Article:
The Flag is the ensign of our American nationality―the visible emblem of the sovereignty of the Union. Its stars represent the sister States, its stripes the thirteen original States, its colors, Courage, Purity and Truth.
The Bible contains man's moral code, and the principles of his religious faith; points out his dependence on the Author of his being, his duty to his fellow creatures, the reward of virtue and the punishment of vice.
The Declaration of Independence declares as self-evident truths, that all men are created equal that they are endowed by their Creator with inalienable right to life, liberty and the pursuit of happiness. It denies the despot's dogma of the "divine right of kings" to rule over mankind. It asserts that governments derive their just powers from the consent of the governed; and solemnly affirms the right of the American people to govern themselves as a free and independent nation.
The Constitution is an instrument reducing to practice the precepts of the Declaration. It is Liberty regulated by Law. It defines and circumscribes the powers and duties of the National Government.
It was "ordained by the Fathers, in order to farm a more perfect Union, establish justice, insure domestic tranquility, provide for the common defense, promote the general welfare, and secure the blessings of Liberty to themselves and their posterity."
The Sword is a weapon of protection and defense. By it and the aid of Divine Providence, the Independence of the American people was obtained. With it we may defend the rights and liberties belonging to a free and loyal people, jealous of their country's glories, greatness, and grandeur.
Lastly, the Light you behold burning upon the Altar is emblematical of the sacred fires of Liberty that burn forever in the breasts of all true patriots.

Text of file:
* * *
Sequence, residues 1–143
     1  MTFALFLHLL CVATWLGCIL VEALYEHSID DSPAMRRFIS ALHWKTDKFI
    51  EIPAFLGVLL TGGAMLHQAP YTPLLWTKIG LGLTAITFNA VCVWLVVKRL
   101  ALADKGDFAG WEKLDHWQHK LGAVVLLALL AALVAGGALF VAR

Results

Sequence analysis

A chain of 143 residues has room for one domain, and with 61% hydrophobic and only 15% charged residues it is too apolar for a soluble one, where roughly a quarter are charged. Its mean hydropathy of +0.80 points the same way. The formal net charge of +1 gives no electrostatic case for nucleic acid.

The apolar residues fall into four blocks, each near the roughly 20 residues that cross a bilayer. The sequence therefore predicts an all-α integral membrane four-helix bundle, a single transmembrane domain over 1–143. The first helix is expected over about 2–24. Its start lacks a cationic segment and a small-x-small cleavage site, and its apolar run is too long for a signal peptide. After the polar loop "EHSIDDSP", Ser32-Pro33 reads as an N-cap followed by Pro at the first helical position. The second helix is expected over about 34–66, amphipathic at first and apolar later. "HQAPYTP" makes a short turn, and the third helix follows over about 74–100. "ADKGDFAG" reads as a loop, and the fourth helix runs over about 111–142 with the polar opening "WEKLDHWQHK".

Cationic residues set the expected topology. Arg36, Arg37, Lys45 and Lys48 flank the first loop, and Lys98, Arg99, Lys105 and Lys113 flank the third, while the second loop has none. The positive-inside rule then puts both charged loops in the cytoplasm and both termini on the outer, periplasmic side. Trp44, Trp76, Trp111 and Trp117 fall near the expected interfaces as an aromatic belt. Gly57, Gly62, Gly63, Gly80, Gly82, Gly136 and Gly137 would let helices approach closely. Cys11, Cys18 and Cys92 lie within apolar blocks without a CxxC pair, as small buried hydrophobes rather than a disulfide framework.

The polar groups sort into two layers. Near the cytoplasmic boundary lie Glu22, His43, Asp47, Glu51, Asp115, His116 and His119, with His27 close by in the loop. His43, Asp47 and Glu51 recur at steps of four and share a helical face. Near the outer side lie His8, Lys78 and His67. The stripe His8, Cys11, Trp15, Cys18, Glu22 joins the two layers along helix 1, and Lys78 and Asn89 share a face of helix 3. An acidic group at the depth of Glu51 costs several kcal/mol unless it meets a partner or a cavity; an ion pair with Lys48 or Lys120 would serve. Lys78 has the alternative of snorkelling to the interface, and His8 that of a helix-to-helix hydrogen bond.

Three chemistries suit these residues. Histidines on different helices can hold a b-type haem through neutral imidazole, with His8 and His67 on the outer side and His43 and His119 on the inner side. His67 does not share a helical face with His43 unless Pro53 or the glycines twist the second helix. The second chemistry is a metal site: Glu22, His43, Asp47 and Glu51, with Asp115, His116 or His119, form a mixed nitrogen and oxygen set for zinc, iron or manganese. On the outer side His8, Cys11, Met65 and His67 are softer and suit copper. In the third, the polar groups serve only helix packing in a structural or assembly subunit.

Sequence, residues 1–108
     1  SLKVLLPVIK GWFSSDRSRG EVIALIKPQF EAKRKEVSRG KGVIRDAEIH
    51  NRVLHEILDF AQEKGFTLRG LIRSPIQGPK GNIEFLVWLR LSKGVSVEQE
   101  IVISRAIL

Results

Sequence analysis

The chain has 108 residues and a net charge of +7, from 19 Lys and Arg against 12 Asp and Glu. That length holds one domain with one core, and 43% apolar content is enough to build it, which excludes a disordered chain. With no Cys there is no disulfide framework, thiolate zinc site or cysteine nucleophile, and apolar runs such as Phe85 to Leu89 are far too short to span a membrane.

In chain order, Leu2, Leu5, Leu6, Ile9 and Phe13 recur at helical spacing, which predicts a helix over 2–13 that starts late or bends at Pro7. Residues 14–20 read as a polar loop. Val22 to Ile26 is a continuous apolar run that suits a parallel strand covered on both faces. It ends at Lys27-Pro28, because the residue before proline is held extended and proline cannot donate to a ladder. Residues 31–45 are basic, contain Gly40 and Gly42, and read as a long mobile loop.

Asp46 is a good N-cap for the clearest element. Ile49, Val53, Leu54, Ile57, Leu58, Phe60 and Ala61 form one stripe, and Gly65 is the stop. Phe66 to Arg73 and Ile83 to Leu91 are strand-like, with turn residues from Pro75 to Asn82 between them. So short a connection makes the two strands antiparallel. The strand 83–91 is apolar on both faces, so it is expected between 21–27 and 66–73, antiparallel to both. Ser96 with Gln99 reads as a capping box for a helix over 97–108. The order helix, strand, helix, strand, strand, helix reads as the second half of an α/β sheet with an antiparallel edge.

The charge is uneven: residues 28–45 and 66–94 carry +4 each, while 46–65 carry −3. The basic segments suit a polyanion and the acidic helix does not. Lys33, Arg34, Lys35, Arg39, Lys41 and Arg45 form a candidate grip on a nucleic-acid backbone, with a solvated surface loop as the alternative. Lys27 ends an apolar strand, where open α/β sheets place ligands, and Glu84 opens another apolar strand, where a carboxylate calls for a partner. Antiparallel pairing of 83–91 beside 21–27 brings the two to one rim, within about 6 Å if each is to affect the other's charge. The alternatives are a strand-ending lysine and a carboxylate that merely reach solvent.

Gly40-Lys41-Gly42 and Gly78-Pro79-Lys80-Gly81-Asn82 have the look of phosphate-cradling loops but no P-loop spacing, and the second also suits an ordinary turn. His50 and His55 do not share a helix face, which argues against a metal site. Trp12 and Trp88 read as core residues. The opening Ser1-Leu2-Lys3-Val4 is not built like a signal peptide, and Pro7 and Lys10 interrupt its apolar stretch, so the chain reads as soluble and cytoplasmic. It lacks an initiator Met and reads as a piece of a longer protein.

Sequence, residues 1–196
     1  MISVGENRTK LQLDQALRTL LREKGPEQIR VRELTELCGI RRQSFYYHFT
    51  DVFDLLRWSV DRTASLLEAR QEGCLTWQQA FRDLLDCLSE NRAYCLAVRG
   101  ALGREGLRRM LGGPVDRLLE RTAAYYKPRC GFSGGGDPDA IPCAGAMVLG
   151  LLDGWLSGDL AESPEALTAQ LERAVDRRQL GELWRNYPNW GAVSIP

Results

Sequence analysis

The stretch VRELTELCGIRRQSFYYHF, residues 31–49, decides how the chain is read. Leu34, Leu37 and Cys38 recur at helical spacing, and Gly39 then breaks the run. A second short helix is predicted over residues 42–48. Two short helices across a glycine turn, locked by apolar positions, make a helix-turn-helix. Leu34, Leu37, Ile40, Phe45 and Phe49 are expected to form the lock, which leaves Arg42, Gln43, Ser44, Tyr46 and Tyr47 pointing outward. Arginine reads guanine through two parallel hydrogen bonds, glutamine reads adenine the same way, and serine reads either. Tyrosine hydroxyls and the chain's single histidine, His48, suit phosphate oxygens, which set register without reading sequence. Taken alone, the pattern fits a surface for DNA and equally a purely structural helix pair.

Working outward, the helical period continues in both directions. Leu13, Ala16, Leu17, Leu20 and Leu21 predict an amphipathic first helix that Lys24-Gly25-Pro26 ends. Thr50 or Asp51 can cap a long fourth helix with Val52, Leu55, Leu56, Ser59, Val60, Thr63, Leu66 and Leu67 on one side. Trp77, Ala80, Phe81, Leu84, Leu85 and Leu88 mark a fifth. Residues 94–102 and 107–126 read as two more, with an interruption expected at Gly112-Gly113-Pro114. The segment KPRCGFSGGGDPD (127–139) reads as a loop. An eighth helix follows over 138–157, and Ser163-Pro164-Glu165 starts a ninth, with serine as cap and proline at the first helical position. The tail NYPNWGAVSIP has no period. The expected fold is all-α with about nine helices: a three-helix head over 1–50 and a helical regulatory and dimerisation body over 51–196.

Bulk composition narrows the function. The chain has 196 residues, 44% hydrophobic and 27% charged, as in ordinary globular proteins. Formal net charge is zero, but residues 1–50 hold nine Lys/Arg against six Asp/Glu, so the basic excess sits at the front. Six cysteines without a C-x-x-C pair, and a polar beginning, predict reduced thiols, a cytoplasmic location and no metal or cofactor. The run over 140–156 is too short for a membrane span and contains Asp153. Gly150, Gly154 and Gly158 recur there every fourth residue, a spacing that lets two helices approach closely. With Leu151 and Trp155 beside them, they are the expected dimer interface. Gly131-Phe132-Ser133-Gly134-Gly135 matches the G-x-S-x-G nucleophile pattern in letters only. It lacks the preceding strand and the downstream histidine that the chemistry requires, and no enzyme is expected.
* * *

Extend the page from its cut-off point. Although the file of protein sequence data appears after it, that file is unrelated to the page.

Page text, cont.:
We inculcate the spirit and arts of peace, as essential to national happiness and prosperity; but when foreign fops or treacherous hands attempt to rob us of our National inheritance, let a million gleaming swords leap from their rests and turn every way to guard the Temple of our Liberties.
The following extract from Washington's Farewell Address may be incorporated in the "charge," at the discretion of the P.
"The unity of government which constitutes you one people is justly dear to you, for it is the main pillar in the edifice of your real independence, the support of your tranquility at home, of your peace abroad, of your safety, your prosperity. even that liberty you so justly prize.
It is of infinite moment that you should properly esteem the immense value of your National Union to your collective and individual happiness. You should cherish a cordial, habitual and immovable attachment to it, accustoming yourselves to think and speak of it as the "Palladium of your political safety und prosperity," watching for its preservation with jealous anxiety, discountenancing whatever may suggest even a suspicion that it can, in any event, be abandoned; and indignantly frowning upon the first dawning of every attempt to alienate any portion of our country from the rest, or to enfeeble the sacred ties which now bind together the various parts."
Here the P. instructs the new members in the signs, etc. When these have been imparted, the P. may give a short history of the origin, present condition and future prospects of the organization. He should impress upon the member the impropriety of using the signs. etc., too often or carelessly, as it detracts from their value and increases their chances of exposure.
Form of a council